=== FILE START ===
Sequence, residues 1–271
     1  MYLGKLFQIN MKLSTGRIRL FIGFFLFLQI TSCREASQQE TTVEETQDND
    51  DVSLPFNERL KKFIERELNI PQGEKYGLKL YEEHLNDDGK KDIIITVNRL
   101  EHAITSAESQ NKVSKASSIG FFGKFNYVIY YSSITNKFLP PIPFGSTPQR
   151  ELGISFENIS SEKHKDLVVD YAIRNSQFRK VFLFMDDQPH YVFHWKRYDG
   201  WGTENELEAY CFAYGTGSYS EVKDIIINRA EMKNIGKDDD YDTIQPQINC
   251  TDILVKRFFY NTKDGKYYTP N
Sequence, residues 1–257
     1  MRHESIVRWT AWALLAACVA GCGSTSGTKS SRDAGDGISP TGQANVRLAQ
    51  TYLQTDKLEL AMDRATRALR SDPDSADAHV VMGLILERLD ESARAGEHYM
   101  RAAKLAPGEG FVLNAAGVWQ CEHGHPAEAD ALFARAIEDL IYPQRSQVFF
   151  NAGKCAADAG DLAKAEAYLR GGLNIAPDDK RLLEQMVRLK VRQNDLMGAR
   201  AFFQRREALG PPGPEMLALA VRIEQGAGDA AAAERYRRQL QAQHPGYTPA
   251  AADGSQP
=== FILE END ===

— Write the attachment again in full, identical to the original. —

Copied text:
Sequence, residues 1–271
     1  MYLGKLFQIN MKLSTGRIRL FIGFFLFLQI TSCREASQQE TTVEETQDND
    51  DVSLPFNERL KKFIERELNI PQGEKYGLKL YEEHLNDDGK KDIIITVNRL
   101  EHAITSAESQ NKVSKASSIG FFGKFNYVIY YSSITNKFLP PIPFGSTPQR
   151  ELGISFENIS SEKHKDLVVD YAIRNSQFRK VFLFMDDQPH YVFHWKRYDG
   201  WGTENELEAY CFAYGTGSYS EVKDIIINRA EMKNIGKDDD YDTIQPQINC
   251  TDILVKRFFY NTKDGKYYTP N
Sequence, residues 1–257
     1  MRHESIVRWT AWALLAACVA GCGSTSGTKS SRDAGDGISP TGQANVRLAQ
    51  TYLQTDKLEL AMDRATRALR SDPDSADAHV VMGLILERLD ESARAGEHYM
   101  RAAKLAPGEG FVLNAAGVWQ CEHGHPAEAD ALFARAIEDL IYPQRSQVFF
   151  NAGKCAADAG DLAKAEAYLR GGLNIAPDDK RLLEQMVRLK VRQNDLMGAR
   201  AFFQRREALG PPGPEMLALA VRIEQGAGDA AAAERYRRQL QAQHPGYTPA
   251  AADGSQP